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Fire Resistant Cable Supports In Escape Routes

Does your wiring comply with IET Wiring Regulations?

 
 


The IET Wiring Regulations (Seventeenth Edition) was published in January 2015 and came into effect on 1st July that same year. It includes a requirement that all wiring in escape routes should have fire resistant supports ...

Fire resistant cable supports must be used in all escape routes! Does your wiring comply?

Fire resistant cable supports must be used in all escape routes! Does your wiring comply?

copyright: auremar / 123rf stock photo (licensee)

Also known as BS 7671:2011+A3:2015 the wiring requirement is included in regulation 521.11.201, which states that wiring systems should be supported such that they will not be liable to premature collapse in the event of a fire.

Non-metallic cable trunking or other non-metallic means of support can fail when subject to either a direct flame or the heat of combustion. This could lead to wiring hanging down across access or egress routes which would hinder evacuation and firefighting activities.

The regulation also precludes the use of non-metallic cable clips, cable ties or trunking as the sole means of support. The cables must be secured at appropriate intervals by proven metal supports that have adequate fire resistance, and that are fixed to the non-combustible substrate of the building.

The reason for the regulation 512.11.201 is to improve the safety of firefighters and others in escape routes under fire conditions. Wiring systems that drop and hang across escape routes due to the failure of a means of support have the potential to entangle people.

In recent years, a number of firefighters have died as a result of being entangled in this way.

It should also be noted that the requirements of Regulation 521.11.201 apply for all types of circuit, systems and electrical service that encroach on escape routes, irrespective of rated voltage. These might include (amongst others):

  • Distribution circuits

  • Final circuits

  • Safety services

  • Data and comms services.

Regulations for fire alarm and emergency lighting systems - BS 5859 and BS 5266 - respectively, also include recommendations and/or requirements about the fire resistance of cable supports and cables.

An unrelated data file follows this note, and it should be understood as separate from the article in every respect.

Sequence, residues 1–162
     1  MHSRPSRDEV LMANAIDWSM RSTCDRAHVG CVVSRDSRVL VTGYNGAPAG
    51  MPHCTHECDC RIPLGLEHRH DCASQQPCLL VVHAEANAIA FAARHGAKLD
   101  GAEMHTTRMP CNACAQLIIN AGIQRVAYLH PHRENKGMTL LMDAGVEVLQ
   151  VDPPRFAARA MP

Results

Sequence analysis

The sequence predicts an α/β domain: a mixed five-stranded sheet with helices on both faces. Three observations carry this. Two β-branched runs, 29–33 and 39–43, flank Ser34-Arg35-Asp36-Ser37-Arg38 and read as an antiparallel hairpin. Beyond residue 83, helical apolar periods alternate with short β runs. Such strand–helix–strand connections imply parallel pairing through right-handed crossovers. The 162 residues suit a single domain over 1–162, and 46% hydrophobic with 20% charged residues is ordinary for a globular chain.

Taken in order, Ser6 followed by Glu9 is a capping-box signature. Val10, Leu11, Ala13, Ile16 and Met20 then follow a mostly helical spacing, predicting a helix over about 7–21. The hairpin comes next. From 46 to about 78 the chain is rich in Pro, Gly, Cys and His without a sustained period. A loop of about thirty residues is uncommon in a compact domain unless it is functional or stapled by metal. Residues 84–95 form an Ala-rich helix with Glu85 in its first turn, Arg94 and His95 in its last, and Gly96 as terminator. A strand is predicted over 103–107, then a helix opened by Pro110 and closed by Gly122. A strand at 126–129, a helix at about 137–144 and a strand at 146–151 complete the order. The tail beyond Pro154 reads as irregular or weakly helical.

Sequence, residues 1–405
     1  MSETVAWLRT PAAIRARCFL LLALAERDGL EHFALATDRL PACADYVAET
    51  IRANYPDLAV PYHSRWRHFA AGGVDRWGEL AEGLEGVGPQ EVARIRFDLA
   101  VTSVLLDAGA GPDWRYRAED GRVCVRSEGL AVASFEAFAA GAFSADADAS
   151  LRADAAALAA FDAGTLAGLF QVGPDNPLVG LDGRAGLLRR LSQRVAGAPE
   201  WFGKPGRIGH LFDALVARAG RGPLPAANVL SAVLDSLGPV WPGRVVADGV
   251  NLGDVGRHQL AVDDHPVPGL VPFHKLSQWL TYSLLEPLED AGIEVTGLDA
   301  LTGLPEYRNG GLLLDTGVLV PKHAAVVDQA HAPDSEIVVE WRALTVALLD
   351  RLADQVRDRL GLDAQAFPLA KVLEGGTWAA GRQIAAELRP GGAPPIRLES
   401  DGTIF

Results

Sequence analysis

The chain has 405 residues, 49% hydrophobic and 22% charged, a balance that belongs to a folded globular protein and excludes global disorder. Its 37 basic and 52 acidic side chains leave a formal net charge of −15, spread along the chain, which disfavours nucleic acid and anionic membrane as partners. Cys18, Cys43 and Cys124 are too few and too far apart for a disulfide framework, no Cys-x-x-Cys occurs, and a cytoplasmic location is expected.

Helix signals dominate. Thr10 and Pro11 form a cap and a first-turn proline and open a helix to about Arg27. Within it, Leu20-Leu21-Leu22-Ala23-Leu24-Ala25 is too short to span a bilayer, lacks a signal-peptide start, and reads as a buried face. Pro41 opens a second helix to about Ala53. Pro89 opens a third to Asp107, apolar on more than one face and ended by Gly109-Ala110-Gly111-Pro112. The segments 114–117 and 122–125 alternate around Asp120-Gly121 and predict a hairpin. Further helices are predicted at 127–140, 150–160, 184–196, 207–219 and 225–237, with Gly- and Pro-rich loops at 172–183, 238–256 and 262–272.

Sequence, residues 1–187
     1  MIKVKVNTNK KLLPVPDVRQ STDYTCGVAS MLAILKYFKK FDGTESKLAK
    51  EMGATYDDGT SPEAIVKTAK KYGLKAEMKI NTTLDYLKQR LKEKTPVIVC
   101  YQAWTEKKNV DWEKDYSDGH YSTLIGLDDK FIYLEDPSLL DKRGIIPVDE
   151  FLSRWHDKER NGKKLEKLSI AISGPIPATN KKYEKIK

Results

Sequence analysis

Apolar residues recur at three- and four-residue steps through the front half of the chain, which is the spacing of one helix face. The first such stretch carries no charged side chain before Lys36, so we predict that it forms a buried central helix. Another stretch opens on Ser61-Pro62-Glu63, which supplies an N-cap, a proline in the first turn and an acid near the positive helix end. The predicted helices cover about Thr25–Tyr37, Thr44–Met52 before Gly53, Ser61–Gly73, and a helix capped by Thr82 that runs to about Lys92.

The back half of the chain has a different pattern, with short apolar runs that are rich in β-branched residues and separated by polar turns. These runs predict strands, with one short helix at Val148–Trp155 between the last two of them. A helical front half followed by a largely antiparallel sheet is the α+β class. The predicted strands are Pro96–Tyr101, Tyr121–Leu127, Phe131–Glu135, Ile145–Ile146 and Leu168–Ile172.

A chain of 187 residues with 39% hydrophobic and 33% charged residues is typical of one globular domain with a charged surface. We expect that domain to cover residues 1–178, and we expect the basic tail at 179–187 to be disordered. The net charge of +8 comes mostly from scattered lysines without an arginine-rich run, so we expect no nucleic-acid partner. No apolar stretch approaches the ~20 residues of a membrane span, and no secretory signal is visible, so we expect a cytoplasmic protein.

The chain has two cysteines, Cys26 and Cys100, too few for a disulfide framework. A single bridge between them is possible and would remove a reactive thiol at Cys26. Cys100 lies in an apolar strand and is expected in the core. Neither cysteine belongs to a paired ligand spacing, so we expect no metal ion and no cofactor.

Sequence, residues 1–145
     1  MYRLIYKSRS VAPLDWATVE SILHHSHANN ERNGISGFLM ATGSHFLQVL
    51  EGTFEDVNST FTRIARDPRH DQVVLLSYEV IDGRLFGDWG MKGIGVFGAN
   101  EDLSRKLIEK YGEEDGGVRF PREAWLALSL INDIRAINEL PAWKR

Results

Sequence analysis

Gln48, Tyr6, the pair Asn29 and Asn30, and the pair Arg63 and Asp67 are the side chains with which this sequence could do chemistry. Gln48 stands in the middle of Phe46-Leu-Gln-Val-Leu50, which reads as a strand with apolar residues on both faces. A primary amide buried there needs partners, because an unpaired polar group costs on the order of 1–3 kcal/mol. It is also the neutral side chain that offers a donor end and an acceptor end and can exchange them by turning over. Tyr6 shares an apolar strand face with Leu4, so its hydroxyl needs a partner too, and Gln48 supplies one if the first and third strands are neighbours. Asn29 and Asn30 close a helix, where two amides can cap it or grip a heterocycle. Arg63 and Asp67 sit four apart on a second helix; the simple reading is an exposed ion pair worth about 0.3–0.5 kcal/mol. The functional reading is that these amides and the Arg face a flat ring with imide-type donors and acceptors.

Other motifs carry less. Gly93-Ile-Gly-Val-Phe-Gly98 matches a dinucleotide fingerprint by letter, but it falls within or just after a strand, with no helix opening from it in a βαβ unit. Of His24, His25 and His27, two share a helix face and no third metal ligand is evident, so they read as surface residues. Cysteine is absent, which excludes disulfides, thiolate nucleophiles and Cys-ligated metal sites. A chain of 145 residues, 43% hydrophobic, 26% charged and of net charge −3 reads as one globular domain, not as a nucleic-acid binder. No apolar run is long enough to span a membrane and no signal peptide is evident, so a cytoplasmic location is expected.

So, what constitutes an escape route? Well, an escape route is a route 'designated for escape' to a place of safety in the event of an emergency. Escape routes may include not only defined routes such as corridors, stairways and hallways, but also open areas through which escaping persons might reasonably be expected to need to pass on their way to a place of safety.

For premises covered by The Regulatory Reform (Fire Safety) Order 2005 (FSO), which applies in England and Wales, the designation of the escape routes is part of the risk assessment that the FSO requires the ‘responsible person’ to carry out and keep up to date. Similar legal requirements apply in Scotland and Northern Ireland.

"Does the wiring in your escape
routes comply?"

If you'd like us to perform a risk assessment to ensure your organisation complies with FSO requirements, do call me on 0845 287 3622 or click here to send me an email and I'll be in touch.

Until next time ...

PETER WILLIAMS


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More about Peter Williams ...

While working with Volvo in the late 70’s I realised the way forward in international component distribution was computing. I created a company distributing components for several international manufacturers using the 'new' computers of the day. I quickly realised we needed our own programs so started writing distribution software. I grew the company by developing the software until I eventually sold my shares 20 years later, but retaining the rights to the software. I continued developing the software and supplied it to several similar companies where the software is still used today.

During 1999, I was asked by a friend to develop a facility to video the live sea conditions on the south coast accessible on the internet. Working with a Linux software developer I created our first remote video application. The internet boom of 2000 allowed me to develop a commercial application forming the basis of our systems today.



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